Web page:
For the first time, Jaylen Brown and Kyrie Irving open up about their close friendship


Jaylen Brown and Kyrie Irving didn’t always see eye-to-eye. When Irving lashed out at his younger Celtics teammates, Brown was often the one who pushed back.

But they’ve become close in recent years. At the onset of the pandemic, Irving reached out to Brown, and explained how he was feeling during the end of his Celtics tenure.

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They’ve spoken regularly ever since.

“He reached out to me, kind of let me know what his experience was when he was in Boston, what he was feeling,” said Brown in a new Ringer profile. “And I understood what he was going through personally. So, life is a journey. We all got ups and downs. And most of all, we don’t always handle everything in the perfect media-appropriate demeanor. Kyrie, one thing about him, he going to be who he is. I appreciate that.”

Irving addresses his polarizing exit from Boston, and change of heart about re-signing. He tells the Ringer’s Logan Murdock that losing his grandfather made him feel alone in a new city.

“I lost my grandfather my second year in Boston, so it was my first time really losing someone close like that to me, other than my mom and my grandmother when I was young,” said Irving. “So me being in Boston, not being home, not having that emotional support, I really felt alone, even though I wasn’t alone. So I didn’t really connect with everybody as much as I should, and I didn’t open up as much as I should.”

Though Brown and Irving didn’t connect in Boston, they’re in lockstep now. When the Nets suspended Irving for tweeting out a video with antisemitic tropes — and refusing to apologize — Brown, vice president of the NBAPA executive committee, was one of his staunchest defenders.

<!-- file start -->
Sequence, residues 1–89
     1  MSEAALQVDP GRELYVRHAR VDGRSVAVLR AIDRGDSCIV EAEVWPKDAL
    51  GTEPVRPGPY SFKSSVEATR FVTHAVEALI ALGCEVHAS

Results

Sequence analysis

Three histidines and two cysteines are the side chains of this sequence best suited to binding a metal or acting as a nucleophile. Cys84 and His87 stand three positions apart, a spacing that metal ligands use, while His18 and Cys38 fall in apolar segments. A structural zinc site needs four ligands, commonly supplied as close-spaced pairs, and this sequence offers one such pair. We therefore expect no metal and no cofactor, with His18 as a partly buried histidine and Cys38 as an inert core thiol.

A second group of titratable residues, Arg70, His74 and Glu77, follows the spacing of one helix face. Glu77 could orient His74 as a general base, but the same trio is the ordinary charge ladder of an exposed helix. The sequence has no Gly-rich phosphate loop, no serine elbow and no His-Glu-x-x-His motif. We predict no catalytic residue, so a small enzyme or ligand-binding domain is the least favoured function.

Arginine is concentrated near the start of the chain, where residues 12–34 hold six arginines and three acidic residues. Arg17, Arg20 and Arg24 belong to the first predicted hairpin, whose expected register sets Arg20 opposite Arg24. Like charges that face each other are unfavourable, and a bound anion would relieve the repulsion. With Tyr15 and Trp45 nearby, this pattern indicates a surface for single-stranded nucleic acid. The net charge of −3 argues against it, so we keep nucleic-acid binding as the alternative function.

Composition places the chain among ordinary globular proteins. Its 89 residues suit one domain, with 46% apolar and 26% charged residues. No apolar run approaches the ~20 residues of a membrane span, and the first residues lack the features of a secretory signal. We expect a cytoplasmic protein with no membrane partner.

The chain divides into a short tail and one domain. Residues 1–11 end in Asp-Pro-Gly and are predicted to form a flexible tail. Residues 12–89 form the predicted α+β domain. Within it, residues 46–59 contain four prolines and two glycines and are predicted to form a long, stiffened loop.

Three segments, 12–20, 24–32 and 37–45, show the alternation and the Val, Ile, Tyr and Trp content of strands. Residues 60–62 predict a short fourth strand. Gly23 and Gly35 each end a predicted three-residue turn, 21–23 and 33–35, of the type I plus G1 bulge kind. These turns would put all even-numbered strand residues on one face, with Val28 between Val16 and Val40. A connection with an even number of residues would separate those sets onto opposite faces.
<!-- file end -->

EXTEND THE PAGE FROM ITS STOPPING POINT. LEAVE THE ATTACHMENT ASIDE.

At one point, Brown even tweeted support for an antisemitic group protesting Irving’s suspension in front of Barclays Center (Brown says he thought the group was a member of the Black fraternity Omega Psi Psi.)

“That’s my job as vice president of the union,” said Brown. “The union is supposed to be an entity to protect the players, especially their rights and their freedom of speech. I feel like what the Brooklyn Nets did—I still feel the same way—it was inappropriate.”

Irving credits Brown with being one of his biggest supporters.

“He was one of the main ones that really stood beside me,” he said.

While Brown’s bond with Irving is secure, his relationship with the Celtics isn’t. Brown, who’s in the midst of a career season, said “we’ll see” when asked whether he wants to stay in Boston long-term.

Featured Image Photo Credit: USA Today Sports